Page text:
Criminal justice is the study of crime, criminal behavior and the legal system. The criminal justice degree program is designed to explore types of crime, investigation of crimes, prosecution and defense of crimes, courtroom rules and procedures and many other areas involving the American justice system.
As a result of generous donations by our alumni and other contributors, we are able to make financial awards on an annual basis to our most competitive undergraduate students. Students should apply through the university GO system to be considered for available funding. These awards assist our students financially and allow us to acknowledge the hard work of our best and brightest.
What Will I Learn?
Our criminal justice degree programs foster an understanding of criminal justice policy, criminal law and procedure, theories of crime, juvenile justice, as well as ethics and organization management. Our students are prepared to pursue careers in law enforcement, homeland security, law, court administration, corrections and juvenile justice. Graduates also possess the necessary foundation for graduate or law school.
Criminal justice majors are strongly encouraged to consider an internship experience. Internships are a valuable educational tool that provides supervised field study in an agency setting. Students may earn academic credit for approved internship experiences and obtain valuable experience and career insight. Possible internship placements for criminal justice majors include, but are not limited to the following:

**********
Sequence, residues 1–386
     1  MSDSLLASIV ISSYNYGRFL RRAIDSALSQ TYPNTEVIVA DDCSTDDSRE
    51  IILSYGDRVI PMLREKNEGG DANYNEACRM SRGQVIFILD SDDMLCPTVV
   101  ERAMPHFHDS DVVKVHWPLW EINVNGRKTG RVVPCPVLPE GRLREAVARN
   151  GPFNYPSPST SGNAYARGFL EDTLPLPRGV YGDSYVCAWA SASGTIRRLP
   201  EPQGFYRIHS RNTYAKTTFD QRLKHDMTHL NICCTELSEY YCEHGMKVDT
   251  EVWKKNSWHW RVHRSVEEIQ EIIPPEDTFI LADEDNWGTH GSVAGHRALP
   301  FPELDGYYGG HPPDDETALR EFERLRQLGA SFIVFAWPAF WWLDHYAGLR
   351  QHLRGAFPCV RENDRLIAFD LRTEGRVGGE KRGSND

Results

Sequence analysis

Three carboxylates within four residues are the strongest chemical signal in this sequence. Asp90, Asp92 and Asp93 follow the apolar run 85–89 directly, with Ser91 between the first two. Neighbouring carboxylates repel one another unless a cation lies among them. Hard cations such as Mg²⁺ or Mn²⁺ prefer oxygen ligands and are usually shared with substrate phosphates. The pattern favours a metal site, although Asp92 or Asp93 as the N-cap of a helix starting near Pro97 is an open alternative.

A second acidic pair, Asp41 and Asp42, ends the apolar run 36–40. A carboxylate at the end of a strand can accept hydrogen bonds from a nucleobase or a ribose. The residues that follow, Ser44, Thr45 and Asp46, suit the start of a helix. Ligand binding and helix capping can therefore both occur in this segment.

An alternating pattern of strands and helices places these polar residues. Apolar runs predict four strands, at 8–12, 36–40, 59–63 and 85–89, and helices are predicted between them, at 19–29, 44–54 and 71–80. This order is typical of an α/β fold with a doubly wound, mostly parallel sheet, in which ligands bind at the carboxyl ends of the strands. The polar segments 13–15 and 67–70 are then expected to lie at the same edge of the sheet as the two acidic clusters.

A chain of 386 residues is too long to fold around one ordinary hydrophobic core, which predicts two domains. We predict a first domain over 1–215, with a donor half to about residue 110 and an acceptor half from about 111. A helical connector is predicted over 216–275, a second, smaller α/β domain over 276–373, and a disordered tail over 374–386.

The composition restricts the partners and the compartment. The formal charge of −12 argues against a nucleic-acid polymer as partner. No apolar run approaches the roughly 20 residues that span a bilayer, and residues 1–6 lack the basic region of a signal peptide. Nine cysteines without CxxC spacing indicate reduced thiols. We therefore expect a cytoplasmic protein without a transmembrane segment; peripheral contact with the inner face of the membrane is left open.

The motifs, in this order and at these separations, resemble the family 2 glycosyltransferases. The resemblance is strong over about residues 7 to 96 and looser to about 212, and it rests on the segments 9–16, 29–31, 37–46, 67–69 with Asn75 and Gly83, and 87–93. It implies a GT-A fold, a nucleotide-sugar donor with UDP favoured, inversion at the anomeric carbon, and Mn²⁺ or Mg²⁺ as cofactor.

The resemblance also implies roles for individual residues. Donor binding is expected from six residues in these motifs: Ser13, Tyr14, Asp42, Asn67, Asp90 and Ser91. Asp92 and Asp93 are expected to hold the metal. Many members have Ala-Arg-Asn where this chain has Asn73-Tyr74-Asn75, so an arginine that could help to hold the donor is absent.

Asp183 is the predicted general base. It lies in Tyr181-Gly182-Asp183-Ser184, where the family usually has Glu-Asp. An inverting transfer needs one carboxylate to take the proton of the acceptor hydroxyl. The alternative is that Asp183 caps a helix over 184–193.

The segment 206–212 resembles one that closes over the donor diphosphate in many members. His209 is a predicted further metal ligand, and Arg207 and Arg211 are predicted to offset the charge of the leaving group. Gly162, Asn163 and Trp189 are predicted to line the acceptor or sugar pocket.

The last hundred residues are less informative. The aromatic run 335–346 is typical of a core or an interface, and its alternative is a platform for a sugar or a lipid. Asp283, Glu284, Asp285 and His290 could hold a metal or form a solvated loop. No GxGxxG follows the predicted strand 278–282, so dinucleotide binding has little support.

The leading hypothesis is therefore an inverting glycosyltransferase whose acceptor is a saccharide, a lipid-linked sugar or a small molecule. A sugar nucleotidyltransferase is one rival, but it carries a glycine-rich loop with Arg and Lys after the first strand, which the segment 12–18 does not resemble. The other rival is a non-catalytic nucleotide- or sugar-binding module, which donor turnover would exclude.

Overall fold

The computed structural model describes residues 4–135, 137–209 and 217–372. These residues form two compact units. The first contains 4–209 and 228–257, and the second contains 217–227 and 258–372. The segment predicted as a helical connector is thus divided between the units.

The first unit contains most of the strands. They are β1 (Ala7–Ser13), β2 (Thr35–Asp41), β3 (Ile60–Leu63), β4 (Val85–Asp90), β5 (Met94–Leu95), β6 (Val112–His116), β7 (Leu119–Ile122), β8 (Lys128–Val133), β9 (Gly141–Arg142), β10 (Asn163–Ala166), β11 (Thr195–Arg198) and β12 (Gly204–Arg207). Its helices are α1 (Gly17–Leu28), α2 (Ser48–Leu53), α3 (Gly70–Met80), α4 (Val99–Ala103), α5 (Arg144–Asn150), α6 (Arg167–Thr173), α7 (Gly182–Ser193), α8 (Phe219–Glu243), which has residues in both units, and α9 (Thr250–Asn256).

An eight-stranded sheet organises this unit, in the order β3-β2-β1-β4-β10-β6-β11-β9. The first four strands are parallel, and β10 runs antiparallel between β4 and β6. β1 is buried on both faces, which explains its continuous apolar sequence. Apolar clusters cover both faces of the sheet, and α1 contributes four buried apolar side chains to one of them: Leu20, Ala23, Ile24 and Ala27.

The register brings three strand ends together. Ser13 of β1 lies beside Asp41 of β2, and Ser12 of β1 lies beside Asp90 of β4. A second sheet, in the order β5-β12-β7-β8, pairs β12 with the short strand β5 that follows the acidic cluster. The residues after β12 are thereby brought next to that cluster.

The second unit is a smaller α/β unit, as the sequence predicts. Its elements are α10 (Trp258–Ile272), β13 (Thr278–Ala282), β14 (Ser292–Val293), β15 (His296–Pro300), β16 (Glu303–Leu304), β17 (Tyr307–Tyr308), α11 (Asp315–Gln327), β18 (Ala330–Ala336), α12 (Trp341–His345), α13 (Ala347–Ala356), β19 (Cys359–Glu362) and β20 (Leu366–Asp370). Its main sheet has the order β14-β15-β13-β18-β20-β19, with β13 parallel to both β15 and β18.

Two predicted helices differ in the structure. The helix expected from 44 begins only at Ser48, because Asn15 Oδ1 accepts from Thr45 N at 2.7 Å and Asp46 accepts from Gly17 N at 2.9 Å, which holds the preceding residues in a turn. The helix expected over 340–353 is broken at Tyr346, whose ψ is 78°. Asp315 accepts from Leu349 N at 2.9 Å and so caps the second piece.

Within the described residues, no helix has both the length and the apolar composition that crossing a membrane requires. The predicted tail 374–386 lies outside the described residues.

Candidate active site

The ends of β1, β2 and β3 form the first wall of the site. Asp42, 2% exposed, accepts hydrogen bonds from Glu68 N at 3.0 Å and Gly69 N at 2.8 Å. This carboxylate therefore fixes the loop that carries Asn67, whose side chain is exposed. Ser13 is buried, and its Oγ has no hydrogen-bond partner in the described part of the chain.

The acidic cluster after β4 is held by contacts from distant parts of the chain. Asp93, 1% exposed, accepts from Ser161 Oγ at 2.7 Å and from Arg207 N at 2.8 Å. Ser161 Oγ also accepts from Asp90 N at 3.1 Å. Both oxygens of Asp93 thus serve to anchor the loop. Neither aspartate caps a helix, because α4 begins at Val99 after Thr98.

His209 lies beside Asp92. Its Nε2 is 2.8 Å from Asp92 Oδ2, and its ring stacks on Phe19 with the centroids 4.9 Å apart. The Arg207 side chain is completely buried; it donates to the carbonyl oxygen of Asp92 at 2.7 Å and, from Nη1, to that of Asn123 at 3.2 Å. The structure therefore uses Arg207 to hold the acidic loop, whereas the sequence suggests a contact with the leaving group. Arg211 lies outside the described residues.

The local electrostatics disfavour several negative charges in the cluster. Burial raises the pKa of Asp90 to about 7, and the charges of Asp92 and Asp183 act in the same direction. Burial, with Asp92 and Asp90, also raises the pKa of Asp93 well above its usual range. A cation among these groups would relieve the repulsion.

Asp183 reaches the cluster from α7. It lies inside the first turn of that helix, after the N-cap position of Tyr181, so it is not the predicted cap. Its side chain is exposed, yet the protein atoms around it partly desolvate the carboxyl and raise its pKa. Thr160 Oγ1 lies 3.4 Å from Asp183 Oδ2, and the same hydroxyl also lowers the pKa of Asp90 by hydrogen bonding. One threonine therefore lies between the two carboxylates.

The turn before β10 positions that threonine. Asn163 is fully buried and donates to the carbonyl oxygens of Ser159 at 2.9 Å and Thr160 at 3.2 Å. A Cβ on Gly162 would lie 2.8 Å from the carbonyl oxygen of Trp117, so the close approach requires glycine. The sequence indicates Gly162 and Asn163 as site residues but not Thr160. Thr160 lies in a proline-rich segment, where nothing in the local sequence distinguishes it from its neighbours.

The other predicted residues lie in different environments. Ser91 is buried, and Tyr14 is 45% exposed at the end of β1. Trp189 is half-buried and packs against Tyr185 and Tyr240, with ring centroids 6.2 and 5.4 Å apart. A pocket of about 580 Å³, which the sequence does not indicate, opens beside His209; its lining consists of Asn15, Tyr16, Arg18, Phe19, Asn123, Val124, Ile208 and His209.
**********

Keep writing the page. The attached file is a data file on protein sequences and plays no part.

- Law enforcement agencies (federal, state and local)
- Federal Bureau of Investigation
- United States Probation and Parole
- Community Corrections and Rehabilitation
- Juvenile Justice
- Prosecutor and Defense Attorney Offices
- Judicial and Court Administration
Our faculty are prominent scholars in their respective areas of expertise. Through lecture, online and seminar courses, faculty strive to cultivate knowledge, understanding and analytical skills in our students. Faculty serve as advisors and mentors for students to better assist them with career planning and degree progress. Student organizations provide valuable opportunities for our students to interact with faculty, professionals in the field and to develop important connections in civic and campus life.
- Law Enforcement
- Juvenile Justice
- Homeland Security
- Victim's Services
- Phil Bryant, 1977
Governor, State of Mississippi
- Jason Denham, 2003
Resident Agent in Charge, United States Bureau of Alcohol, Tobacco and Firearms (ATF)
- Derryle Smith, 1992
Resident Agent in Charge, United States Drug Enforcement Agency (DEA) State of Mississippi
- Kelly Smith Adcock, 1991
United States Secret Service, Retired
- Ryan Medeiros, 2015
Officer, United States Probation and Parole
- Jacqueline Ledger, 1995
Juvenile Justice Specialist, Mississippi Department of Public Safety